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Glossary

Glossary

When you’re buying a home it can feel like you have to learn a whole new language. Here we explain some of the terms you’re likely to confront in the mysterious world of mortgages.

Capital Repayment mortgage

The monthly payment is made up of interest, plus an amount towards repaying part of the capital borrowed. Assuming all payments are made in line with the agreement, your mortgage will be fully repaid at the end of the loan term. This is the most common type of repayment and helps you assess the monthly cost and term of paying your loan.

Early Repayment Charge (ERC)

This fee is only payable if you decide to pay off your mortgage early, you pay more than 10% of your mortgage in any calendar year, or you switch your mortgage to a different lender during a special rate period. The fee amount is variable, depending on the mortgage you have. It’s typically a percentage of your loan amount.

Fixed Rate

With a fixed rate mortgage, the interest rate you pay stays exactly the same for an agreed number of years. This allows you to budget more confidently, as you know what your monthly repayments will be without worrying about fluctuations in financial markets or the Bank of England base rate.

Unless you arrange for a new mortgage product rate prior to the end of the fixed rate period your rate will revert to a standard variable rate, at which point you may decide to switch to another mortgage deal – either with your current lender or with a different mortgage provider.

Loan to Value (LTV)
‘Loan to Value’ is a financial term used to express the ratio of the loan (mortgage) to the value of the property that will be used as security for that loan.

Example: a mortgage of £150,000 divided by a property value of £200,000 gives us an LTV of 75%. The LTV will determine which mortgage product you can apply for.

Interest Only mortgage

The monthly mortgage repayment only covers the interest amount being charged on the mortgage. There is no monthly reduction to the capital amount outstanding. You will need to have in place a repayment tool, such as an investment, to ensure you have the funds available to repay the amount borrowed. It is your responsibility to monitor and maintain your repayment plan, to ensure you have the funding for the value required to pay the debt in full, either at the end of the mortgage term or before. Evidence of such a repayment plan will be required in order for us to assess this type of mortgage repayment.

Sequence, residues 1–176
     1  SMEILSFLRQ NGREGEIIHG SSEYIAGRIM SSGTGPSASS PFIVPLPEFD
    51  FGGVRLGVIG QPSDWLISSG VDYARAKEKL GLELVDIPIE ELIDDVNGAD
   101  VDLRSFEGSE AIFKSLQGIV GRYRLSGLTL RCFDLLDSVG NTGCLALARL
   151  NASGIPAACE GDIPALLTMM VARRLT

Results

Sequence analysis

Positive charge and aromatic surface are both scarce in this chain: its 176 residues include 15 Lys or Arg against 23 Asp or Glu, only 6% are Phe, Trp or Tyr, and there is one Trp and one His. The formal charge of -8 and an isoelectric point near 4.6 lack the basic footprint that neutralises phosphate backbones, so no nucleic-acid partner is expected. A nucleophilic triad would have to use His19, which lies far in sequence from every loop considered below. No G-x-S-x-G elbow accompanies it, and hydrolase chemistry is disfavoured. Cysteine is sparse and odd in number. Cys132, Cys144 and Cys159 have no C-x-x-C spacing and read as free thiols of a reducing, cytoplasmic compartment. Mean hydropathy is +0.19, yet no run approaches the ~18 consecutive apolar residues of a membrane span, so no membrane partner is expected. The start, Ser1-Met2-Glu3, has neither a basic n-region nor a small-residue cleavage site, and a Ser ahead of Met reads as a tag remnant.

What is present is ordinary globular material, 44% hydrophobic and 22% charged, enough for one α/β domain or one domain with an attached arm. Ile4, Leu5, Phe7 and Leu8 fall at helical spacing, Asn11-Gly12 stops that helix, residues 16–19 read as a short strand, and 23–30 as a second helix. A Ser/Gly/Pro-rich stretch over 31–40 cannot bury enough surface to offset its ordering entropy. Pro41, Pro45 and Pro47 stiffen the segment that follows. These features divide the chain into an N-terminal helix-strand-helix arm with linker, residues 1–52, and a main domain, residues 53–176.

Overpayments

An overpayment is an additional capital payment of the outstanding mortgage balance with the intention of paying off the mortgage faster (and therefore saving money on interest over the term of your mortgage). With Reliance Bank, you can make payments up to 10% of the outstanding balance each calendar year, from a minimum additional payment of £1,000. 

Stamp Duty / LBTT

Stamp Duty (or Land and Buildings Transaction Tax (LBTT) in Scotland) is a tiered tax set by the Government. It is based on the purchase price of the property. Your solicitor / conveyancer will tell you exactly how much you have to pay, if any, in a completion statement that details all of the fees payable.

To calculate the stamp duty you could expect to pay, please check the government website.

Standard variable rate

A Standard Variable Rate (SVR) is the default mortgage rate that applies when you come to the end of a fixed or tracker mortgage deal. As the name suggests, this rate can go up and down, which means your repayments can vary too. There is no time limit attached to an SVR and no early repayment charge if you repay some or all of your mortgage.

Tracker Rate

A tracker mortgage follows the Bank of England’s base rate for a set number of years (the tie-in period). If the Bank of England’s base rate goes up or down during that time, the interest you pay on your mortgage will change as well. While a tracker mortgage doesn’t offer the certainty of a fixed rate mortgage, it does offer the potential to pay less if the base rate stays low. However, you must also consider that if the base rate goes up, your mortgage payments will go up too.

At the end of the tie-in period your rate will revert to a Standard Variable Rate, at which point you may decide to switch to another mortgage deal – either with your current lender or with a different mortgage provider.

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London,
EC3R 8EB

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